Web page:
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Milton council approves sustainability plan but nixes committee

September 11, 2020

Milton Town Council unanimously approved the town’s sustainability plan, but the committee that came up with the plan was miffed after the mayor did not appoint new members.

The sustainability plan is intended to be a guide for the town to create objectives, strategies and action steps to encourage more sustainable growth and development. Specific actions called for include good governance, community action, planning and land use, conservation of natural resources, and sustainable energy consumption. 

The plan grew out of the sustainability committee, a subcommittee of the town’s economic development committee, and in May 2017, the sustainability committee was made its own separate entity. 

The committee worked with the Environmental Finance Center at the University of Maryland College Park and a national nonprofit, Southeast Rural Community Assistance Project, with grant funding by Delaware Department of Natural Resources and Environmental Control. The fruits of the committee’s labor were presented in November to an enthusiastic reception by town council members, who praised the plan’s ambition and depth.

The plan calls for a three-year action program, with the first year dedicated to hiring a part-time staff member to identify grant opportunities and cost-saving measures to help implement sustainability projects. The plan called for having the sustainability committee provide quarterly reviews to the town council on plan implementation, and working with town staff to begin embedding plan goals into upcoming projects.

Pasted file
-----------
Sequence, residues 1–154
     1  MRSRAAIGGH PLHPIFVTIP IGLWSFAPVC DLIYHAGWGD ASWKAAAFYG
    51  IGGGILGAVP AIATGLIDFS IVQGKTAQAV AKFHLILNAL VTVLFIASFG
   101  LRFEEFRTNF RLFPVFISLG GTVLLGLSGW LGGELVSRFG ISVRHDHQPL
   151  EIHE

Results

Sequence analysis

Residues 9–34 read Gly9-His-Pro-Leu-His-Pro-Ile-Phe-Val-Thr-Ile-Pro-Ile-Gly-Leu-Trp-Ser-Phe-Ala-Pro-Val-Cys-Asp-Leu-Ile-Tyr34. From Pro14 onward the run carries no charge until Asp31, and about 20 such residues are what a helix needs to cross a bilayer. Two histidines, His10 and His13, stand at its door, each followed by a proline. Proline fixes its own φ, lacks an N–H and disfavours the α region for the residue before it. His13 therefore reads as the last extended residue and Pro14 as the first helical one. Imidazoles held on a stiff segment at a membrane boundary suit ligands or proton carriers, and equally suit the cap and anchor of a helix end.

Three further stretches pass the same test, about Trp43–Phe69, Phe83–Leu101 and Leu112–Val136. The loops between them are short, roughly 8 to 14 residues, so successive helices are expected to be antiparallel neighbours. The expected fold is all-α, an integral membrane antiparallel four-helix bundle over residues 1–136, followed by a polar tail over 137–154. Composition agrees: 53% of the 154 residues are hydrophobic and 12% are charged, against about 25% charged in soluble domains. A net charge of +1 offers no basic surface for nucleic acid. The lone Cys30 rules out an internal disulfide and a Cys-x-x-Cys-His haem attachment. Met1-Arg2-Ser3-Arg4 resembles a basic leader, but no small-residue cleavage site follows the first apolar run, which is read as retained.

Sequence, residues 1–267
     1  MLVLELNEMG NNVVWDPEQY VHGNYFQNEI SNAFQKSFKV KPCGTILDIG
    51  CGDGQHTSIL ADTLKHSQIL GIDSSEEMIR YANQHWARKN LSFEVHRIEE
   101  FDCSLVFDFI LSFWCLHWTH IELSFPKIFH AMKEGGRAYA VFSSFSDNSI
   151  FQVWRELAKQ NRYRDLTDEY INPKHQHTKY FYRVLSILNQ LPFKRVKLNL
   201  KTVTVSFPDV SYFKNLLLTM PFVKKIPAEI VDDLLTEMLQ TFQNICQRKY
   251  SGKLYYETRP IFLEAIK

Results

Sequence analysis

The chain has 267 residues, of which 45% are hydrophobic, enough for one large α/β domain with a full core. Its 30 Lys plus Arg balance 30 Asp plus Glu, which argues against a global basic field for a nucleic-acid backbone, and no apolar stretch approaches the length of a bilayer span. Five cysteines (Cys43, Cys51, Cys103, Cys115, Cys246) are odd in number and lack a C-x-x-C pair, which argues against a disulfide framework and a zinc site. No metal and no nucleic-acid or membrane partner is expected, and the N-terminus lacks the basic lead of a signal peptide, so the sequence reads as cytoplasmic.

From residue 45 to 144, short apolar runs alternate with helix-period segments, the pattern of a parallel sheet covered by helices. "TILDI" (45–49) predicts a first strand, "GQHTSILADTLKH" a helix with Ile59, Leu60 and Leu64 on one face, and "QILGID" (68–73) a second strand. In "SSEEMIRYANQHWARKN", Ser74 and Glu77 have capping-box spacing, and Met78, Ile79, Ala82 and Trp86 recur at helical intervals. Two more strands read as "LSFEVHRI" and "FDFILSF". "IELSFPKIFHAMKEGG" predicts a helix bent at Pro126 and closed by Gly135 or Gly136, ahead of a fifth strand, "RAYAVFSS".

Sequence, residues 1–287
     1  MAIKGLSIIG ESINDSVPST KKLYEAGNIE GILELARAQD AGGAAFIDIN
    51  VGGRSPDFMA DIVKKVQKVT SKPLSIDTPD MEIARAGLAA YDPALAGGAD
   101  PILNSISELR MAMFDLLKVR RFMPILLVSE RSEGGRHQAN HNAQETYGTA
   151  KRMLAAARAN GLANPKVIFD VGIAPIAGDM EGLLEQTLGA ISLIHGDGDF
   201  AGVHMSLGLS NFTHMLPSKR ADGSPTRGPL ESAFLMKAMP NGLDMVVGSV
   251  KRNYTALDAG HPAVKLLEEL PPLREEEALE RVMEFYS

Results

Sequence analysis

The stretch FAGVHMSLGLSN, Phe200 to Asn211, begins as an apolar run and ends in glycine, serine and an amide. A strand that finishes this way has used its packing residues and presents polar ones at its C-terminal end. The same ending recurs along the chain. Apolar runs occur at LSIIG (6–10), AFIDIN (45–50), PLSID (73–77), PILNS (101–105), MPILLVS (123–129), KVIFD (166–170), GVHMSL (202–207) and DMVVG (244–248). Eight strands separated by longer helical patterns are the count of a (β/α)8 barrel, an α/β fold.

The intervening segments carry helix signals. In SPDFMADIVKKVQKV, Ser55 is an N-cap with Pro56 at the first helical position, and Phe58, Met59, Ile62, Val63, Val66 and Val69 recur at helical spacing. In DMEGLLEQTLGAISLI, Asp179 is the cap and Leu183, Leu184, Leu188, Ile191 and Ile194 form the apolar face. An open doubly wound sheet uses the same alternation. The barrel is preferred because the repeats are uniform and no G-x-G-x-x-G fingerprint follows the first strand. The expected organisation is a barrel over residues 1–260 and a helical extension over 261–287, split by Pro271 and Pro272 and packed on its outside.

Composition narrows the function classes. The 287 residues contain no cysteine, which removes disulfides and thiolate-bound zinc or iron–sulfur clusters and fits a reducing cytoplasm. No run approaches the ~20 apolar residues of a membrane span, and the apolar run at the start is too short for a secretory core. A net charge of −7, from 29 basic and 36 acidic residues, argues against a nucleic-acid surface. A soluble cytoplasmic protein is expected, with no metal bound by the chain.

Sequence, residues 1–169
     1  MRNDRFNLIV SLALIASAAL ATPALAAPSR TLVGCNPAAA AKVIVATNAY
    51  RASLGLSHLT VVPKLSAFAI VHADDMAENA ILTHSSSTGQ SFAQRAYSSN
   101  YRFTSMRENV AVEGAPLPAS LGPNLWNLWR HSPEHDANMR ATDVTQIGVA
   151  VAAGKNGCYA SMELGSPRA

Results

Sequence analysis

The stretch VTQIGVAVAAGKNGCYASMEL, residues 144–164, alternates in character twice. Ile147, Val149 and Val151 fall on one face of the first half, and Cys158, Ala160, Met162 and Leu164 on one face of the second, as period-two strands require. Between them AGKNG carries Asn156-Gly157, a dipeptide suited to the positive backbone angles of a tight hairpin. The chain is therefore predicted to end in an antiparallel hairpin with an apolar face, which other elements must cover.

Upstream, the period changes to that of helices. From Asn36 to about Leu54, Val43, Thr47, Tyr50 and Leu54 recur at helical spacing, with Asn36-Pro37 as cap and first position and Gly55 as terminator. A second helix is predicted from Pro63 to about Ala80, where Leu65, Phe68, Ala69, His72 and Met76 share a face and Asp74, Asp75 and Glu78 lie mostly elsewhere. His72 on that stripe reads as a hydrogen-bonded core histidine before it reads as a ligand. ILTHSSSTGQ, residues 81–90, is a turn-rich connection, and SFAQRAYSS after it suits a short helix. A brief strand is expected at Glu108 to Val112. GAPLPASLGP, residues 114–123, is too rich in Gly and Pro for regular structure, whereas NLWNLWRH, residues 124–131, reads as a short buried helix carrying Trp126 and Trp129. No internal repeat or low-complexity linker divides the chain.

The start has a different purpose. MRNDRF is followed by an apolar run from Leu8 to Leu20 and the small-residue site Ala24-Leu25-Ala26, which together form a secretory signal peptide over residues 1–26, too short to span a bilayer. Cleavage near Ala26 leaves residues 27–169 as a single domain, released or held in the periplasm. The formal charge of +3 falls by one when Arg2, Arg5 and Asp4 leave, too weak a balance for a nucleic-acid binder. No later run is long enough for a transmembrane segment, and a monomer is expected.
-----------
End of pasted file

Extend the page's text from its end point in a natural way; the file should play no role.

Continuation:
The second year, running through the end of 2021, would focus on aligning plan goals with the town’s budget, including purchasing more environmentally friendly vehicles for police and municipal use, creating sustainability scoring criteria for capital improvement projects, installing electric vehicle charging stations, and taking an inventory of the town’s environmental resources.

In year 3, the plan calls for developing a tree inventory, conducting a climate vulnerability assessment, and building a sustainability resource center where residents would go to learn about the town’s initiatives on energy, recycling, stormwater and climate change. 

While the plan included a role for the sustainability committee, at least in the first year of implementation, the fiscal year 2021 budget did not include any money for the committee, and town council did not appoint any members to the committee. 

This was a surprise to Michela Coffaro, a committee member and the original chairwoman. 

“This has been five years, so the lack of transparency now is shocking to me,” she said. 

Mayor Ted Kanakos said the committee had no new members and no one was reappointed.

“And why not?” Coffaro asked. 

Kanakos did not want to go through what his exact issues were with the committee in a public forum, but he hinted that his problems were with individual committee members. 

Coffaro asked for the remaining $350 in the committee’s budget to be forwarded into the fiscal year 2021 budget. Council agreed, and the committee was budgeted $350, but for the time being, it was essentially allowed to sunset.

 

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